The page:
On October 15, a joint venture comprised of the general contractors Clark Construction and JR Abbott Construction ceremonially broke ground for the new Behavioral Health Teaching Facility at the University of Washington’s Medical Center-Northwest campus in Seattle.
The six-story 184,000-sf facility, designed by SRG Partnership, is scheduled to open to residents in December 2023, according to the Seattle Times. Funded through $234 million in state appropriation, the facility is being built adjacent to the campus’s main hospital wing.
According to the University, the new building will have a 150-bed capacity, with 75 long-term civil commitment beds, 25 geropsychiatric beds, and 50 licensed med-surgery beds with the capacity to treat patients with psychiatric diagnoses and/or substance use disorders. Its top three floors will feature highly flexible inpatient units designed to respond to client needs from highly structured programs to programs that promote independent functioning and a transition to the community.
TELEPSYCHIATRY SERVICES A KEY COMPONENT
The project team and the University are calling this building one of a kind, in that it will provide a fully integrated and welcoming healing environment for patients struggling with physical and behavioral health problems. The building will include a procedural area for electroconvulsive therapy, and neuromodulation where patients can be treated with brain simulation therapy.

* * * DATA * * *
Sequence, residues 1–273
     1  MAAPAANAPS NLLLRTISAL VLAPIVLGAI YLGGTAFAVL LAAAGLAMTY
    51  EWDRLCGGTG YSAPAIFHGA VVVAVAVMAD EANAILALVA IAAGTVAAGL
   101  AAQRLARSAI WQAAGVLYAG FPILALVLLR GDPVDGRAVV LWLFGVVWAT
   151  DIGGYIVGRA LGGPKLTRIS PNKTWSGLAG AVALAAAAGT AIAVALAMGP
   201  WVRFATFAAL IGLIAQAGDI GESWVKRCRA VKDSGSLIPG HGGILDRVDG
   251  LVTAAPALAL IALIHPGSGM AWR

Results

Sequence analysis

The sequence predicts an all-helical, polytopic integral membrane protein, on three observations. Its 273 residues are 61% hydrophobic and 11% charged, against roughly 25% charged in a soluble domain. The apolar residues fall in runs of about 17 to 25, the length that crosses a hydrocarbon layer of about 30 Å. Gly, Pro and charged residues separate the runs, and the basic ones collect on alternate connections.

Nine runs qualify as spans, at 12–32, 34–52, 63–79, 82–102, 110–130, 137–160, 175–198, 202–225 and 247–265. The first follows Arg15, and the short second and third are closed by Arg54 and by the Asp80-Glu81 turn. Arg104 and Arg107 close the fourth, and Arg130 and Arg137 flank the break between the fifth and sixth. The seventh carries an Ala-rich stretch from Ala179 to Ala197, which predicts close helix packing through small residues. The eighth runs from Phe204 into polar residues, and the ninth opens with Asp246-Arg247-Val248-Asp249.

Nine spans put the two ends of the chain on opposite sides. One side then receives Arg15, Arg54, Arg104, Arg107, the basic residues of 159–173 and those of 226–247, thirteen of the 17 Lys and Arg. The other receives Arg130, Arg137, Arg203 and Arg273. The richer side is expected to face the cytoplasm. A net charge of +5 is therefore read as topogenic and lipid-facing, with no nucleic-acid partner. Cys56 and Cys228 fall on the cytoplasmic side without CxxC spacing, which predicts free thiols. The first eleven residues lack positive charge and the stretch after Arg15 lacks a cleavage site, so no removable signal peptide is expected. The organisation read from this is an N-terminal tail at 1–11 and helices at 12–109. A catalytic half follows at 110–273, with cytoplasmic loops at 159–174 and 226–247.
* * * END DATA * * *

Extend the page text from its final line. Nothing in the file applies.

Brett Earnest, Clark’s Senior Vice President, says his firm has been working with the university for nearly two years to develop the facility, which when completed will serve as the home for the statewide 24/7 telepsychiatry consultation program and an interdisciplinary training and workforce development program focused on preparing and supporting the next generation of behavioral health providers for Washington State.
The Building Team is working under an Integrated Project Delivery contract. Its members include KPFF Consulting Engineers, Thornton Tomasetti, Ricca Design Studios, OJB Landscape Architecture, Mazzetti, PAE Engineers, McKinstry, VECA Electric, Schuff Steel, Performance Contracting Inc., and Queen City.
RECONNECTING MIND AND BODY
The Seattle Times reports that patients will have access to terraces and decks, sleep in secured private bedrooms, and meet with physicians and other staff in spacious treatment areas. Terracotta tiles will flank the building’s outer structure. Common spaces will feature calming muted colors. Outdoor benches will be crafted from reclaimed trees. The first floor of the building will house a public dining hall for staff and visitors.
Carl Hampson, SRG’s Design Principal, told the newspaper that choices for materials and fixtures were prioritized based on patient safety criteria. The building’s design, created in collaboration with our clinical stakeholders, will promote healing and well-being, “reinforcing the connection between mind and body,” Hampson said.